FURA: Scandinavian-Singaporean conscious dining

Sasha and Christina. Photo: @fure.sg on Instagram

Scandinavian Christina Rasmussen and Singaporean Sasha Wijidessa, couple and co-founders of the restaurant and bar Fura in Singapore, uses ingredients that make sense for the planet’s present and future climate.

Think insects, hemp seed coffee, corn and banana. Such ingredients, abundant in their availability, are used  to create sustainable food and drinks at Fura. They even have an ‘Ugly Delicious menu’ with showcases how otherwise overlooked and ‘ugly’ vegetables can be used.

It all started in Denmark, when Sasha moved to Copenhagen to become head bartender at Operation Dagger, and Christina was a chef and forager at the famous restaurant Noma. From there, the duo opened a pop-up bar, serving cocktails and plant-based food. But now they’re taking it to the next level. In Singapore.

“I’ve been to so many countries, yet I think Singapore’s bar scene is very special. You can get a real sense of community here, and that’s just something very important to me. And it’s rare in this industry. When opening Fura, the amount of help we got every single day from the whole industry is insane,” Sasha said in an interview with Epicure Asia.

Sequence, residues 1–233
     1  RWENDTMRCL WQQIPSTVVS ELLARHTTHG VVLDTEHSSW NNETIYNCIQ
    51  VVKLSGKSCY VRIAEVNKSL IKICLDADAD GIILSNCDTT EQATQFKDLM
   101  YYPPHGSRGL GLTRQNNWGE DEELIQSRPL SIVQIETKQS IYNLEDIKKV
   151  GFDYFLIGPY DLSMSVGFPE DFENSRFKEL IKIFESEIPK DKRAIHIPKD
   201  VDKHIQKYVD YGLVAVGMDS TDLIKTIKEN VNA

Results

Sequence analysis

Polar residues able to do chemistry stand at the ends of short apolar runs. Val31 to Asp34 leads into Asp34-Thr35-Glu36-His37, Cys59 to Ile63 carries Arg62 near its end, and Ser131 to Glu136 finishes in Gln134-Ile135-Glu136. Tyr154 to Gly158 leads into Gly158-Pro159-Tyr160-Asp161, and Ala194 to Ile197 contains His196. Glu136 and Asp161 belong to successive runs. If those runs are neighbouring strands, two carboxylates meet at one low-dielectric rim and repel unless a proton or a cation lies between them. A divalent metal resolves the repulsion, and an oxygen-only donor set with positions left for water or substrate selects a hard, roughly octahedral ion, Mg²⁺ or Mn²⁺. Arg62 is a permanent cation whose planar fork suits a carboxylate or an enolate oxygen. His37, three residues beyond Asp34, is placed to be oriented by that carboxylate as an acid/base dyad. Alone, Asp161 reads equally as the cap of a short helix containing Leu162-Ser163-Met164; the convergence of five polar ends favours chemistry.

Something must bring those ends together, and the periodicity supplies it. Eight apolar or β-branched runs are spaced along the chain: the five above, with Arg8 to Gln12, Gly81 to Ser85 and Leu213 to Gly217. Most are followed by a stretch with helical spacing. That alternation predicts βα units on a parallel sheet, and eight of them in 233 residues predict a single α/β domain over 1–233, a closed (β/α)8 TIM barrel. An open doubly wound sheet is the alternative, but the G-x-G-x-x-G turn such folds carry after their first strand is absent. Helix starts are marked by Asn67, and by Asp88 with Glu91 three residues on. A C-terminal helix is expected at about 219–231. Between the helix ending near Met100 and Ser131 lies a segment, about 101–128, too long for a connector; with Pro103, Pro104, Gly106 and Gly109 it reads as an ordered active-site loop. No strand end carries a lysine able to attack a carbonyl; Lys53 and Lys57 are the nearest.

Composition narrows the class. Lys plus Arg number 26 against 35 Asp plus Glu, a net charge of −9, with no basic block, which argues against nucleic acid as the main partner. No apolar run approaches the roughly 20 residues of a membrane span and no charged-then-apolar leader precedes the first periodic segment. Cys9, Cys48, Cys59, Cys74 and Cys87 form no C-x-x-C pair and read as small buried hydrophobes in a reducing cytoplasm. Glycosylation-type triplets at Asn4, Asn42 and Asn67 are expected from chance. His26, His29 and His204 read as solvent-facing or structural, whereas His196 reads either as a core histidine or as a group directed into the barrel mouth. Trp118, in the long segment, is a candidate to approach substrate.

There’s something for everyone – truly

Sasha then explained how hospitality comes first, which is why they make sure to offer something for everybody – the insects and bugs are simply an option one can add, if keen. And they have many known classic drinks on the menu, to give the costumer a sense of comfort. As for the experimental food – its’s about creating comfortable textures, Christina added.

“All the flowers & leaves you’re familiar with seeing while walking around Singapore all in a fresh and tasty first course,” Fura writes on their Instagram post.

“We want to have options for people who are a bit more adventurous and for those who aren’t,” she said.

“The problem with a lot of plant-based proteins is the texture. I think people have this connection with texture. That’s our goal – to create textures that are approachable. For example, the dukkha I serve is crunchy and kind of salty, smoky and savoury – so I just add that to the salad (using greens from a local hydroponic farm). I think it’s about changing your mind and your brain, and how you think.”

You can find Fura at 74 Amoy Street in Singapore – and you can read the full interview with the co-founders from Epicure Asia here.

About Sofie Rønnelund

Sofie Roennelund is a journalist working with ScandAsia at the headquarters in Bangkok.

View all posts by Sofie Rønnelund

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